The quote you posted is very misleading.  I'm not surprised, however, as I
attended a conference about 10 years ago where a representative from one of
the major tape manufacturers (not to be named) informed the audience that
tape with mold could not be recovered.   Of course, after Hurricane Katrina,
government-paid "experts" were telling people in the affected area that no
wet tape could ever be recovered either.  As we have been doing recovery of
wet magnetic tape for decades, I found this "official" information somewhat
less than "expert" and (politely) offered the responsible government agency
some more accurate information. They declined to accept anything but the
"official" line and continued to tell the Hurricane victims that their wet
tapes were unrecoverable.  For some reason, there are people out there who
feel that if they don't do it, no one can.

We do mold (mould) remediation all the time and have been doing it for many
years.  We currently have around 100 tapes in house that are being treated
for mold.  These range from 2 audio" to 8mm video.  Of course, we do
disaster recovery so we are more likely to see moldy tapes than most.  I'll
have to admit that no one is very thrilled about processing moldy tapes (it
is time consuming to do properly) but to claim that "there isn't a
professional audio restorer in the World that will handle mouldy tapes"
simply means that the author didn't do his homework.  All you have to do is
Google "moldy tapes" and you will find quite a lot of information.  Of
course, if you Google "mouldy tapes" it seems that most of the hits agree
with or are derived from the same source as the author you quoted. (Ah- we
Americans and our strange spelling conventions).

In any case, some of the information quoted is true (somewhat).  There are a
lot of moldy tapes out there.  Mold can spread from one tape to those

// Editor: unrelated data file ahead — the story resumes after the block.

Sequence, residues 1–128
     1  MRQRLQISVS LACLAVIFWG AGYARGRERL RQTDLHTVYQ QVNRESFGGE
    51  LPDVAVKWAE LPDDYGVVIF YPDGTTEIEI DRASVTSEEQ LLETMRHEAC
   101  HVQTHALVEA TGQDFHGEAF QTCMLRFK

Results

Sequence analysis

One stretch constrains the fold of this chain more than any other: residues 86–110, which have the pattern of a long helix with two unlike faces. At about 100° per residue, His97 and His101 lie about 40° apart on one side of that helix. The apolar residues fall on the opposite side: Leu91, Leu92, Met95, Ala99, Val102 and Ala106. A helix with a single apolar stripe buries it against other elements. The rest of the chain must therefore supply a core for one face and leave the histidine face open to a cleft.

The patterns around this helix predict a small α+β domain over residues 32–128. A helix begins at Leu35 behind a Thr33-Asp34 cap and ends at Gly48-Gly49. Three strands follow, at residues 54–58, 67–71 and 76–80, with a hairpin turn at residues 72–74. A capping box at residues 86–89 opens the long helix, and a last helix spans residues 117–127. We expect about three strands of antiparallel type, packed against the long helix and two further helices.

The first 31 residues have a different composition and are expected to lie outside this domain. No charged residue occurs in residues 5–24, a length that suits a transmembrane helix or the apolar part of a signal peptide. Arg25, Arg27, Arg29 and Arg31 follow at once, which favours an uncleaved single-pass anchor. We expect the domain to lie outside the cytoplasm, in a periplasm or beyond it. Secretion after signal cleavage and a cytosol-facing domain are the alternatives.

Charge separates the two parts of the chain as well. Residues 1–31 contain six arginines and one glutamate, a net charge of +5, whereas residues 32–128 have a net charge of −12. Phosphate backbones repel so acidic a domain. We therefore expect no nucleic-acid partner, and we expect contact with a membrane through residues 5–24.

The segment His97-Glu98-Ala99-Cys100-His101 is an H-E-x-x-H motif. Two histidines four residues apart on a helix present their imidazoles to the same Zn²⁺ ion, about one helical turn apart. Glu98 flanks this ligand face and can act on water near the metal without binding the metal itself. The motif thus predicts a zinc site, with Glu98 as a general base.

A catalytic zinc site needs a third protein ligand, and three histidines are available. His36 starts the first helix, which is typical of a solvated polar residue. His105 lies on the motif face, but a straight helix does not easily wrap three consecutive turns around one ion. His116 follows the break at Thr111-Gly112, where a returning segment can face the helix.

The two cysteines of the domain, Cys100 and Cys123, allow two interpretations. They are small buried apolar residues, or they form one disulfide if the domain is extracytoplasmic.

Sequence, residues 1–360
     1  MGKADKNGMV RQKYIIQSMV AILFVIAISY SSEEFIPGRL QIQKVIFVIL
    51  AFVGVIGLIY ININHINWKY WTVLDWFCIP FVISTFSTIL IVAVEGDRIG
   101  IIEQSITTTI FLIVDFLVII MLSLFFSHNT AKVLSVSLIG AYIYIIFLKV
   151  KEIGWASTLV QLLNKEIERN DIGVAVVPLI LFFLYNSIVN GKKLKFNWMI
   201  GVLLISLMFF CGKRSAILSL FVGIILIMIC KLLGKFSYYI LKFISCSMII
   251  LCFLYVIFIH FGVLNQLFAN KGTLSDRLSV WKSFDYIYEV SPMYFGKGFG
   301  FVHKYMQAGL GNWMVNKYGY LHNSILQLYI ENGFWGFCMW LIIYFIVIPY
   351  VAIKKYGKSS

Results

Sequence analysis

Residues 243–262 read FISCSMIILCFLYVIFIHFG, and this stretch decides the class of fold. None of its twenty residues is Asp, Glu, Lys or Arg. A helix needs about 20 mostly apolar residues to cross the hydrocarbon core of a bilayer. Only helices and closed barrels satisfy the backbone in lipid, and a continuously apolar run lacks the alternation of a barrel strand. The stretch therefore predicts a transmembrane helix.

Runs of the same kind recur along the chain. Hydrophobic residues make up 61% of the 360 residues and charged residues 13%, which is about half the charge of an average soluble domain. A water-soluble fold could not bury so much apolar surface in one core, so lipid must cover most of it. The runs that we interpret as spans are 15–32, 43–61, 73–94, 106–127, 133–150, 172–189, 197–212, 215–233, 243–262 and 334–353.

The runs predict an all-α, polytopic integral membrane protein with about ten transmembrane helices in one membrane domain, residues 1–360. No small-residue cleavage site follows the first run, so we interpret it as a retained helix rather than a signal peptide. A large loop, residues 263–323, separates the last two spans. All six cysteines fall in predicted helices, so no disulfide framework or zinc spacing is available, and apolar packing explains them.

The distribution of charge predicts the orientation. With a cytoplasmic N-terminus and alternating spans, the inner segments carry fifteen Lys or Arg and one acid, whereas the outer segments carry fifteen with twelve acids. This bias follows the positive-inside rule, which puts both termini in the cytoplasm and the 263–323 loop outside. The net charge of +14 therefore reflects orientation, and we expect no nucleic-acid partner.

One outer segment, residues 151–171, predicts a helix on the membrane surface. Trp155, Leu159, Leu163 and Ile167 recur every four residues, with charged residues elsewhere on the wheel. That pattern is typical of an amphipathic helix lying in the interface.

surrounding it, unless isolated.  It can also be spread by playing tapes on
contaminated machines.  It won't, however, usually destroy heads unless you
leave the heads contaminated with mold for an extended period of time and
the humidity is high enough for the mold to remain active.  (Frankly, if it
destroys someone's audio heads, they really should consider cleaning them
more than once or twice a year- sorry for the sarcasm but it takes a long
time for the acids produced by blooming mold to eat audio heads).

As for it becoming more prevalent, in America, at least, I can't agree.  We
do get moldy tapes, both from disasters and from bad storage- but- prior to
the early 80's, tape was often stored in really bad conditions and we saw
lots more mold in the 80's and early 90's.  Recently, we have seen much
better storage conditions and, subsequently, less mold from poor storage.
Moldy tapes certainly do not currently represent 10% of the old audio and
video tapes we process- hydrolyzed tapes (SSS) yes, moldy tapes no.   

Peter Brothers
[log in to unmask]

Tape restoration and disaster recovery since 1983

-----Original Message-----
From: Association for Recorded Sound Discussion List
[mailto:[log in to unmask]] On Behalf Of Prentice, Will
Sent: Monday, July 21, 2008 9:32 AM
To: [log in to unmask]
Subject: [ARSCLIST] Mould &tape

The following quote is taken from the website of an audio transfer
business in the southwest of Scotland (

"[Mould on tapes is] caused by storing tapes in damp or humid places
during warm moist Summers and its destroying tapes as never before. Its
as infectious to other tapes as measles is to children and if it gets
onto the recording heads of tape players it destroys them too, as well
as infecting every other tape played on that machine. So its not
surprising that there isn't a professional audio restorer in the World
that will handle mouldy tapes. From a rare phenomena seven years ago its
now affecting almost ten per cent of all the old audio and video tapes
seen by specialist audio restorers."

Does this reflect anyone else's experience?


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